In many economic settings the efficiency of explicit and implicit contractual arrangements is limited by the presence of imperfect monitoring: some agents cannot observe perfectly the actions of others. Often the economic problem of interest involves the indefinite repetition of some strategic situation such as an oligopoly, a partnership, or any organizational hierarchy. Cooperation in such problems depends upon the participants responding aggressively to indications that not all participants are honoring the implicit agreement. It would seem then that the possibilities for cooperation are enhanced when signals related to players' behavior are observed without delay, and when players can respond quickly to new information. Under their previous grant the investigators demonstrated that the opposite is true. Cooperation is enhanced by delays in the observation of signals and slower reaction speeds for players. The delays and slower reaction speeds made it possible to use a single punishment to deter a multitude of different potential deviations from the implicit agreement. This is described as "reusable punishments." Exploiting reusability enhances organizational efficiency dramatically. In their previous work the investigators used standard repeated games with discounting. These games assume a fixed frequency with which players take actions and fixed frequency with which players receive information regarding the play of the game. The contribution of this grant comes from relaxing these assumptions, studying information flow in other problems, and generalizing the results into a new theory of organizational design. The new topics considered include implicit contract theory in competitive markets, renegotiation in supergames, strategic complexity, partial moral hazard in repeated agency, and the strategic dynamics of collusion in markets with renewable resources.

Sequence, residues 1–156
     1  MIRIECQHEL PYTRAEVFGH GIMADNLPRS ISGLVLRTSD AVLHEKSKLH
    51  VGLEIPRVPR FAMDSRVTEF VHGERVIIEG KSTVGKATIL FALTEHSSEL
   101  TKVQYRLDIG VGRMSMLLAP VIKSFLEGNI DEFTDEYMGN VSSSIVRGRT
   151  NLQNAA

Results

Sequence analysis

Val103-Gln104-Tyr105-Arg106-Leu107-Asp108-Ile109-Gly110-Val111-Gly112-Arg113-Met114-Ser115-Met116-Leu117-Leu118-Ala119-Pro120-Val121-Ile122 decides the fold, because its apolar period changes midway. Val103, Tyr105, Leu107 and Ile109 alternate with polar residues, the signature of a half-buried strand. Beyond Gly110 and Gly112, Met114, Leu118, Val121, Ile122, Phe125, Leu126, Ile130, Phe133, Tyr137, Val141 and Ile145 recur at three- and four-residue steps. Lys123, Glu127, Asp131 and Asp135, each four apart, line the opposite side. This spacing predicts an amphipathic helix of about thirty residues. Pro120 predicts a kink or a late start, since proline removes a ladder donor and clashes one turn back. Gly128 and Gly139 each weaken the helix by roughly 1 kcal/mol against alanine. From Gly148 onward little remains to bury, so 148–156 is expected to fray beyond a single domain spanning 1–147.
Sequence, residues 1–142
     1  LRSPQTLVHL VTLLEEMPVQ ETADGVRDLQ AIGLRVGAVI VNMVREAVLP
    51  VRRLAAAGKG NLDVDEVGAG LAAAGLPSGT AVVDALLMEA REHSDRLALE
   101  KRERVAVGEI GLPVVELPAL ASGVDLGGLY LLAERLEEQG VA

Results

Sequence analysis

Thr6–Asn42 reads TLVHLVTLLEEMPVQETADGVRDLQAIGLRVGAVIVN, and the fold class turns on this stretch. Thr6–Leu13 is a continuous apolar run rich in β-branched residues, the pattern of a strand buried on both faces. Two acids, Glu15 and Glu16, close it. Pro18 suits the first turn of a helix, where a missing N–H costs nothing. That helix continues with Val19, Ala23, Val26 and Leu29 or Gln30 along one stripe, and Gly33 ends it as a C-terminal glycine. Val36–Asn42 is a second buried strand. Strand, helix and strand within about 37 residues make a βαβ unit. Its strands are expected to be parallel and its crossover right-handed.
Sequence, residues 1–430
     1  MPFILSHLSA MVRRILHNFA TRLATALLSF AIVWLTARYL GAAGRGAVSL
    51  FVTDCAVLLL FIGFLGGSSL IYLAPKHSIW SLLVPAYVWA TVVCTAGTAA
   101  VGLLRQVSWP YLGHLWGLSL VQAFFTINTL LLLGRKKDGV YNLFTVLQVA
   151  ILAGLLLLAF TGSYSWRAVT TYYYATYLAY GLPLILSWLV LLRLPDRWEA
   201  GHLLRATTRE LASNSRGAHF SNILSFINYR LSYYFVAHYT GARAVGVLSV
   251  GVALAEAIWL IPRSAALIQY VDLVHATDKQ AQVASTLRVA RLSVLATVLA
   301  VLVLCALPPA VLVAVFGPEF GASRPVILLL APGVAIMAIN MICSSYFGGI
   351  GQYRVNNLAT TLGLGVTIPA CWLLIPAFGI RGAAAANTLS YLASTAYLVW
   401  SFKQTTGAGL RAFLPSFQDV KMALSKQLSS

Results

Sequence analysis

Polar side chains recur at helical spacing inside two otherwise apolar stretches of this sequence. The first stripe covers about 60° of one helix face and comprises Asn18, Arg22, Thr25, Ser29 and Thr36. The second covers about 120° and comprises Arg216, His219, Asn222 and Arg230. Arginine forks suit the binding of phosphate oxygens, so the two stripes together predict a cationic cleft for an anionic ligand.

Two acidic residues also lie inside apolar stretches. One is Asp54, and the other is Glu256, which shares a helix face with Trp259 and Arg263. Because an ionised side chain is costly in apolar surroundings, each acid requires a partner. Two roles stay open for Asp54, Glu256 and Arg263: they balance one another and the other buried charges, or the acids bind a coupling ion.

National Science Foundation (NSF)
Division of Social and Economic Sciences (SES)
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Daniel H. Newlon
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Yale University
New Haven
United States
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